Fatal Brownsville Motorcycle Accident Proves a Helmet Is Not Enough

Reviewed by Louis Patino, JD, DC

Louis Patino, JD, DC
A former U.S. Army Combat Medic, Dr. Louis Patino is a distinguished attorney recognised by Top Attorneys of America, Expertise, and the American Institute of Trial Lawyers. He has a Doctor of Jurisprudence from Texas Southern University and a Doctor of Chiropractic from Parker College of Chiropractic.

Image of a totaled motorcycle involved in a crash, similar to the motorcycle ridden in a fatal Brownsville, TX, accident.

On February 9, 2024, Valley Central reported a major accident on North Frontage Road in Brownsville. The Friday night crash killed a motorcyclist, who police later identified as 18-year-old Ismael Cervantes.

Police stated that Cervantes collided with two other vehicles, leading to his death.

Authorities did not release any additional information about what caused the accident or the other parties involved. Fortunately, we can fill in some of the gaps using crash data from the Texas Department of Transportation (TxDOT).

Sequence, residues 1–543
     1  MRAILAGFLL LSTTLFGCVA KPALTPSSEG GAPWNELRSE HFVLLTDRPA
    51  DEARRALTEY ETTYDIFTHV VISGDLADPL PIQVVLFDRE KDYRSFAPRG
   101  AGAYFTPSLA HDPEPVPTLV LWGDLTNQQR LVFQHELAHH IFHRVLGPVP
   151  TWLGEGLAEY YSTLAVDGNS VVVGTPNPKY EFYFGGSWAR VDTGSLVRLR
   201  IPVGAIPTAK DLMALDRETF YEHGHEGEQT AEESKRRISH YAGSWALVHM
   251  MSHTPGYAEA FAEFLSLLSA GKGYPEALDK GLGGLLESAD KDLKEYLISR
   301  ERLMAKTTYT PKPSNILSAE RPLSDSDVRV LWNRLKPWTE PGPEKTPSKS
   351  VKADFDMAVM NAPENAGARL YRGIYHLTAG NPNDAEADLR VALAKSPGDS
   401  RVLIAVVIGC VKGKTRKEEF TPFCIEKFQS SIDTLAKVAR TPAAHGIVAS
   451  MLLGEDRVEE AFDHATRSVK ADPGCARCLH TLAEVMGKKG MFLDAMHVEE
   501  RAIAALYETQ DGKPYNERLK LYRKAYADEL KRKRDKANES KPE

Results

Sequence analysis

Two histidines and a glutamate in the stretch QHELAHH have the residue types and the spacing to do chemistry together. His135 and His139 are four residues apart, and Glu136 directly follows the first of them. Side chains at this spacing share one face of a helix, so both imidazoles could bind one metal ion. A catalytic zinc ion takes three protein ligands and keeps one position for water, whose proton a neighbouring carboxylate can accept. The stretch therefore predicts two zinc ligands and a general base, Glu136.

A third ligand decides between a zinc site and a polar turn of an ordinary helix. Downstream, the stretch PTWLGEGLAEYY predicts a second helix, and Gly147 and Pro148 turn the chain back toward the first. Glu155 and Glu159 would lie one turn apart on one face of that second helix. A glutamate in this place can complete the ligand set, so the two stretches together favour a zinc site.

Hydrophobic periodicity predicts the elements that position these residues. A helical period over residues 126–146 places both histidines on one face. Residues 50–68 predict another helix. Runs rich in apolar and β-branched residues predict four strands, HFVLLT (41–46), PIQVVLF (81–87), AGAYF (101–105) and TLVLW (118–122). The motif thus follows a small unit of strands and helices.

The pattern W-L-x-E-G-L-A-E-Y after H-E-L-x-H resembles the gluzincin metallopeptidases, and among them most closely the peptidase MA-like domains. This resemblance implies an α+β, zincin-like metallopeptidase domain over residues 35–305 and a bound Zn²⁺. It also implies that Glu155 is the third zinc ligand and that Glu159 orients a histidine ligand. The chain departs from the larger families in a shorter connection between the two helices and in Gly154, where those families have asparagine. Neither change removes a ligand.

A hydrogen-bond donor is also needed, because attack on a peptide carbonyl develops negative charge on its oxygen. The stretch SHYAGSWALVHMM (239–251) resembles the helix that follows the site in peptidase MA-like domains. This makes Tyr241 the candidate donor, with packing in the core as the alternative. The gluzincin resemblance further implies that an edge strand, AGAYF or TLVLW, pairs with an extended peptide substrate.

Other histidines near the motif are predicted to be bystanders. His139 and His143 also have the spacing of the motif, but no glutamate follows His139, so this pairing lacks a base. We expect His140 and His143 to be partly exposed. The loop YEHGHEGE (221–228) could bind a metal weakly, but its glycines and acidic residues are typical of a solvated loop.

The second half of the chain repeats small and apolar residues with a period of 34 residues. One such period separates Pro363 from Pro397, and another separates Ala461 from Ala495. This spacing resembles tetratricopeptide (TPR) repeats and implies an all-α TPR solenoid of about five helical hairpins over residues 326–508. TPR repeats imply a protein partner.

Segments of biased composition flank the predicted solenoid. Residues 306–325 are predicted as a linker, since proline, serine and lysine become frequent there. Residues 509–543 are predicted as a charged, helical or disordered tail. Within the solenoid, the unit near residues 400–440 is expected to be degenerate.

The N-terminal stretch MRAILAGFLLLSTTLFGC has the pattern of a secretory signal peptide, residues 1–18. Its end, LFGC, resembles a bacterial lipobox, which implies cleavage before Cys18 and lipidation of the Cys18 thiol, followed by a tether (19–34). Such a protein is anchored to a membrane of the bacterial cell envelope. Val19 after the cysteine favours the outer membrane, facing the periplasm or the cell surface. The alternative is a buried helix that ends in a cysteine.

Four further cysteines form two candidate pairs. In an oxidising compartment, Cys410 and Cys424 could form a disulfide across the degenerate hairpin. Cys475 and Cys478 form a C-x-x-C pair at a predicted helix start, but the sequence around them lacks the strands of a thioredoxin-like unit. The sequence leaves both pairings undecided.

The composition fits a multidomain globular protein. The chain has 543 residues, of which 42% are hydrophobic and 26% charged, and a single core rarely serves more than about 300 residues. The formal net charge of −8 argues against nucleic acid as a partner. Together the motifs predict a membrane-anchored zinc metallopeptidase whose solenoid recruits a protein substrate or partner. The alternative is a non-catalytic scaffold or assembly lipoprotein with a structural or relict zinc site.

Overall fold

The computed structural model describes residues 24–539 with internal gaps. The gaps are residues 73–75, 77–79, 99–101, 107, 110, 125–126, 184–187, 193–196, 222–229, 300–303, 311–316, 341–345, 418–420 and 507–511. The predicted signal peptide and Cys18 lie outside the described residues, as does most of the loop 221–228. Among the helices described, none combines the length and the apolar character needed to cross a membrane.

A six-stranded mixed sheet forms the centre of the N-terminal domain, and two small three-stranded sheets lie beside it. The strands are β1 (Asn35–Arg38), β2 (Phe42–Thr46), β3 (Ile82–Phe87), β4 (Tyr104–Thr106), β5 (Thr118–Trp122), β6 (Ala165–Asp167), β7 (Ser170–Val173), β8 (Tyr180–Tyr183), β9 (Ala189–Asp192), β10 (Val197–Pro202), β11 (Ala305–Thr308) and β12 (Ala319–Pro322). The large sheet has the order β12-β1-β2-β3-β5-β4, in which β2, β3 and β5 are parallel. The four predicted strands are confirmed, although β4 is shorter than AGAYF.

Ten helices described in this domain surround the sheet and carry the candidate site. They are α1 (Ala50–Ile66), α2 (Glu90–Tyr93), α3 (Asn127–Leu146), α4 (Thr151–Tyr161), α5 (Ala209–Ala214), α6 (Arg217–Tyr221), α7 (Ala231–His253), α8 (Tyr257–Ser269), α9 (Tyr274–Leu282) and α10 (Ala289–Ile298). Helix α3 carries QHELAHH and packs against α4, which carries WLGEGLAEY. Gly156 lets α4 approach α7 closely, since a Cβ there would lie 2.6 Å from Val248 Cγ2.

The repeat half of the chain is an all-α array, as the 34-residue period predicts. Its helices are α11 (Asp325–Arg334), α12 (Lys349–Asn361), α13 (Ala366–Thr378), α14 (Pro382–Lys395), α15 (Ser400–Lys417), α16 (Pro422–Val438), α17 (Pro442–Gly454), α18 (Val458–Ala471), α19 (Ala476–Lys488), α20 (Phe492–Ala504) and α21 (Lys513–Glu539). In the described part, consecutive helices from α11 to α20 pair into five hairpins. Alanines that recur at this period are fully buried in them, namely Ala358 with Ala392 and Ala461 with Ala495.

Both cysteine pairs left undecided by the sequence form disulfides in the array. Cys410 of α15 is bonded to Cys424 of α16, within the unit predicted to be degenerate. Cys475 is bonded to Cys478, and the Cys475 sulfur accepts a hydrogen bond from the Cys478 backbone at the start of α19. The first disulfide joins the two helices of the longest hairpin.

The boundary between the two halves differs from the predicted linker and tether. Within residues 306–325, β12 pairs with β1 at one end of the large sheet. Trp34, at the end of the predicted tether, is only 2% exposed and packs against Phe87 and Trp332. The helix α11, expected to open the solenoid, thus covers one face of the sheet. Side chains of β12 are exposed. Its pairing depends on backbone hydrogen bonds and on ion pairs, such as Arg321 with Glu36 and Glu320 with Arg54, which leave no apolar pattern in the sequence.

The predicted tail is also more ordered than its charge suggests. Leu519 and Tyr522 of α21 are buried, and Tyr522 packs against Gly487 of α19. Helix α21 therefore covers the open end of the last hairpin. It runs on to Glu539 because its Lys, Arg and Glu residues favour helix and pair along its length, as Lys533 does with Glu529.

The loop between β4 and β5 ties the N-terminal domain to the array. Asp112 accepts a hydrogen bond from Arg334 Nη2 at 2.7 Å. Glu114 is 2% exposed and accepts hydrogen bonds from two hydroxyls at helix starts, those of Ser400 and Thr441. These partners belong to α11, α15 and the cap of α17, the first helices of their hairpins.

How We Analyzed This Crash

Our legal analysis is primarily based on data from the Texas Department of Transportation. Using the state authority’s Crash Records Information System (C.R.I.S.), we can dig into the contributing factors cited, the damage sustained by each vehicle and its occupants, and more to illustrate what happened and explain how such factors can impact entitlement to compensation.

We also draw on local news reports and updates from official state departments — such as the Brownsville Police Department (P.D.), which we have cited where relevant.

With so many car accidents occurring across the state each day — not to mention the slew of other stories competing for and deserving of coverage — not every crash is picked up by the press. When local news outlets do report on a collision, the level of detail can vary. Some reports are extensive, including information about the parties involved and the injuries sustained, the circumstances that led to the accident, and quotes from law enforcement regarding the investigation. Other reports, however, are relatively sparse, perhaps comprising a short paragraph announcing when and where the accident happened and little else.